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Friday, December 7

The Weekly Shtikle - Mikeitz / Chanukah

After Paroah awakes from his two dreams, he is unable to get a satisfactory interpretation from the chartumim. We are told (41:8) "v'ein poser osam l'Pharoah." Rashi interprets "l'Pharoah" as for Paroah's benefit. The chartumim did offer possible meanings of the dream but they were not to Paroah's liking. They suggested, for example, that he would have seven daughters and then bury those seven doors as they would die in his lifetime. When Paroah tells Yoseif (24) "va'omar el hachartumim, v'ein magid li," it seems he relates these feelings to Yoseif as well. Nevertheless, Yoseif proceeds to interpret the dream in a similar fashion, foreshadowing seven-fold good fortune followed by seven-fold misery which erases that good fortune. Why was Yoseif's interpretation more acceptable to Paroah?

There is some discussion in the commentaries regarding Yoseif's advice to Paroah following his interpretation. Some even suggest that it was improper and out of place for Yoseif to be putting in his two cents. After all, that's not what Paroah asked him for. However, considering the above question, it seems quite clear why Yoseif had to do this. If Paroah has seven daughters and buries them all he is left with nothing. If he has seven years of plenty followed by seven years of unbearable famine he is left with worse than nothing. Had Yoseif simply interpreted the dream, his offering would have been no more acceptable than that of the chartumim. With Yoseif's intelligent solution to the problem, his interpretation became much more favourable. Indeed, Paroah declares (39) "now that God has revealed all of this to you, there is no one as understanding and wise as you." Understanding would seem to refer to his interpretation of the dream. Wisdom refers to his solution.



The gemara (Shabbos 21b) explains the origins of Chanukah. After the great miracle, the rabbis instituted an eight day festival of praise and thanks. Although it would appear that the recitation of Al HaNisim is an integral part of this institution, it is not a requisite part of the Birkas HaMazon or davening as one need not repeat if it is forgotten. Indeed, Rambam does not include the laws pertaining to Al Hanisim in the laws of Chanukah but rather, in the laws of Tefillah. This implies that it is merely a general requirement to mention the day, "mei'ein hameora," in the tefillah but not an integral component of Chanukah itself.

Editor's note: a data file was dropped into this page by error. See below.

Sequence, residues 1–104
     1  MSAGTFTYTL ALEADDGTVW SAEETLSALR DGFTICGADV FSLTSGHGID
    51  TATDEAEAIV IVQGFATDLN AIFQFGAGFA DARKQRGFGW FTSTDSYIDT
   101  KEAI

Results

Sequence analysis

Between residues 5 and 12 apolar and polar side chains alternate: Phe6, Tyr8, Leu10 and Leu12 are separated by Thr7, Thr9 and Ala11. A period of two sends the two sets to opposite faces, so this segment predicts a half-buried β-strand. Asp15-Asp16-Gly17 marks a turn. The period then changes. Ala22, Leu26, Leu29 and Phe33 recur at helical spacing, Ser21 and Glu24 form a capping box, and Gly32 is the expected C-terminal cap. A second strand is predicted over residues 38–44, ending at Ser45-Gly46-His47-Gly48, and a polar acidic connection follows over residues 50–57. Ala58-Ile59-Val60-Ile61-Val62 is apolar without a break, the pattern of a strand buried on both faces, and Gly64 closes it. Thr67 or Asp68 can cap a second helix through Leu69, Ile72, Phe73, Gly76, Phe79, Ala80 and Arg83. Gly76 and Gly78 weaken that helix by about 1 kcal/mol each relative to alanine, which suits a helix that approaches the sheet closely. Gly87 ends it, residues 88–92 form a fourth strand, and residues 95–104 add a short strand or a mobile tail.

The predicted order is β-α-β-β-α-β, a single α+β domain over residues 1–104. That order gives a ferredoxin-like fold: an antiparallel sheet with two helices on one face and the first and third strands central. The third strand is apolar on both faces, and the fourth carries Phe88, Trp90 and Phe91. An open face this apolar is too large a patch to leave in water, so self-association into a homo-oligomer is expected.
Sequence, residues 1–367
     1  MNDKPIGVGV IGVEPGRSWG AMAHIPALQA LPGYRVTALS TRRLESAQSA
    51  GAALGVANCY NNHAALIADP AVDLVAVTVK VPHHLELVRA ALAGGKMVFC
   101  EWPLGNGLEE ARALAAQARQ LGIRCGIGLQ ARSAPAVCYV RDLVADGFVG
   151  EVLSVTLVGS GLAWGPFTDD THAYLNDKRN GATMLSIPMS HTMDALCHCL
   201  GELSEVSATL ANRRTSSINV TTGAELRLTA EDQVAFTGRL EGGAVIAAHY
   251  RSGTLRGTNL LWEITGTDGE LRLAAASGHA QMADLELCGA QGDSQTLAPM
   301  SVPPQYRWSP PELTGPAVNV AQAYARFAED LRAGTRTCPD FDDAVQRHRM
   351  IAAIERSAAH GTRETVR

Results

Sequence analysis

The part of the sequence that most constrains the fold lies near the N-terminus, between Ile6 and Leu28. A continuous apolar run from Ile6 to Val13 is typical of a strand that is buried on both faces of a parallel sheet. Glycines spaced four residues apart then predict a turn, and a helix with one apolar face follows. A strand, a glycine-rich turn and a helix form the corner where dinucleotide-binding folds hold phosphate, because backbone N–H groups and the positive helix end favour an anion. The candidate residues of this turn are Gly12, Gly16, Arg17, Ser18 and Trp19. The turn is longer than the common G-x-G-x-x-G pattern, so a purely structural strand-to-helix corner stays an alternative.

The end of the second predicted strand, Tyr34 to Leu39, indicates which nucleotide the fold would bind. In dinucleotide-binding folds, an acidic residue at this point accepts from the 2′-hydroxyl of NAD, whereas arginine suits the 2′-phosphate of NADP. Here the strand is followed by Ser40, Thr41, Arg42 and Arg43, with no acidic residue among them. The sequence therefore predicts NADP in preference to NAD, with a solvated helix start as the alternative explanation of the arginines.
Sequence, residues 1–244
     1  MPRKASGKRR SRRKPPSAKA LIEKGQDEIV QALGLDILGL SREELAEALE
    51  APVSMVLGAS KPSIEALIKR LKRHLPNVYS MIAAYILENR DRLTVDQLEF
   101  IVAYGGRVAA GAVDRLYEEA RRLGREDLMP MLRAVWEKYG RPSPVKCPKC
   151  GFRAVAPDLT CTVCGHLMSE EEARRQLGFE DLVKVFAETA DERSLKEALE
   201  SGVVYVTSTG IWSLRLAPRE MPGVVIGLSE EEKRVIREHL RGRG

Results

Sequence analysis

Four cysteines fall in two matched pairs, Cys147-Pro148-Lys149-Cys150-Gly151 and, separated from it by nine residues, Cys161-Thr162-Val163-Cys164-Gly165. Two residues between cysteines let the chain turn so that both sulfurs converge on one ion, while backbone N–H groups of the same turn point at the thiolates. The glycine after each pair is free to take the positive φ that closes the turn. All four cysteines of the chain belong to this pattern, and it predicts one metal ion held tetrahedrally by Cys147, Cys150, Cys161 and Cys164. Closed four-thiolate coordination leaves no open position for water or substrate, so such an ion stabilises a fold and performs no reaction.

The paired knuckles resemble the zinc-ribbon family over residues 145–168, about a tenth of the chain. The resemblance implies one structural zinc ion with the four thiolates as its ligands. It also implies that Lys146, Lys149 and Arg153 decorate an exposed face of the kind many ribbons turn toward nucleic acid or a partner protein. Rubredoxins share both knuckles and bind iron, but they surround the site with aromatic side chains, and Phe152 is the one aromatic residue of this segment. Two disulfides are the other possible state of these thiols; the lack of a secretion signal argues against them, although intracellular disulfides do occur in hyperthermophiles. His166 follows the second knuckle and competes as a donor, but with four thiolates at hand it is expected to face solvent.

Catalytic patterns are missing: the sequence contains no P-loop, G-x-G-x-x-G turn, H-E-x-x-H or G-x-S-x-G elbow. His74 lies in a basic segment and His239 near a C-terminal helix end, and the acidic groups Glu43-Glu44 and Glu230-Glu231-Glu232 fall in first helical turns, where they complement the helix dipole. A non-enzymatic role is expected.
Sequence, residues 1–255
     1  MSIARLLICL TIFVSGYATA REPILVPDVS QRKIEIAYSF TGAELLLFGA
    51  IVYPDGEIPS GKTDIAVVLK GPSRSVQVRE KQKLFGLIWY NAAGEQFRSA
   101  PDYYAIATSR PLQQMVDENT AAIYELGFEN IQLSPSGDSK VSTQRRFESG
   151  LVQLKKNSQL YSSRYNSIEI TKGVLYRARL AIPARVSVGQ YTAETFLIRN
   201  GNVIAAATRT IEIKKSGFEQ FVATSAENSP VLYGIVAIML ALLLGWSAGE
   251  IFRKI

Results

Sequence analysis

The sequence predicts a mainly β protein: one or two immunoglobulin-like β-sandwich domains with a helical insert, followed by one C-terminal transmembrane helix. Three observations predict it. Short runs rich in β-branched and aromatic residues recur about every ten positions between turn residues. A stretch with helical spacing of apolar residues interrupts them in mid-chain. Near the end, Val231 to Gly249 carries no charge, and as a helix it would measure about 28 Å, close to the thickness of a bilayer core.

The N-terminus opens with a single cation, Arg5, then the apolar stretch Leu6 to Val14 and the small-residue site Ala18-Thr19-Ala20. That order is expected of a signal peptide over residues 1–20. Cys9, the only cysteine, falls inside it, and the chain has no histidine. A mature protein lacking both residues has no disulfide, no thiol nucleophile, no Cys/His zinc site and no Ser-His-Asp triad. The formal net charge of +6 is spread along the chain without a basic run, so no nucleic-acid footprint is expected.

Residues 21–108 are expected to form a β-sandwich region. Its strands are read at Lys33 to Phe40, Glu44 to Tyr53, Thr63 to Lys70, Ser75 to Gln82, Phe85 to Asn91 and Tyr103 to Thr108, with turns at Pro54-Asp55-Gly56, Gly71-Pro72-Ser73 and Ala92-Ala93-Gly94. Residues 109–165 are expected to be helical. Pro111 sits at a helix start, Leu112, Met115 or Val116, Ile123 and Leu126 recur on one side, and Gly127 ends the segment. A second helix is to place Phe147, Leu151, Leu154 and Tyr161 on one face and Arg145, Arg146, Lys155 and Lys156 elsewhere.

R' Yaakov Moshe Kulefsky, zt"l explains that when the Rambam discusses the halachos of Chanukah (3:3), he makes it clear that the lighting of the candles is mitzvah that was instituted as a manifestation of the praise and thanks. We show our appreciation not merely by thanking HaShem but by publicizing the miracle.

The underlying lesson is that the theme of Chanukah is praise and thanks. I therefore believe that the common reference to Chanukah as the Festival of Light is somewhat misleading. Focusing merely on the lights and not on the message behind them simply misses the point. The name is also likely related to an erroneous assumed connection to the other holiday that often falls around the same time. The Mishnah (Midos 2:3) recounts that the soreg, the wall that marked the point past which gentiles could not pass on the Har HaBayis, was breached in 13 places by the Greeks. The breeches were closed up following the victory over the Greeks. The victory and commemoration of Chanukah are the resealing of those breeches and our affirmation that we are different than all other nations. This is most important when Chanukah coincides with the end of December as it does this year. We must not lose sight of the true meaning of our holiday - the Festival of Praise and Thanks.

Have a Chaunkah Samei'ach and a good Shabbos!

Eiezer Bulka

Shtikle Blog Weekly Roundup:
Dikdukian: Clear the Halls (Chanukah)

Dikdukian: Na'asah Nes

Dikdukian: Be Strong

Dikdukian: Just Do It!

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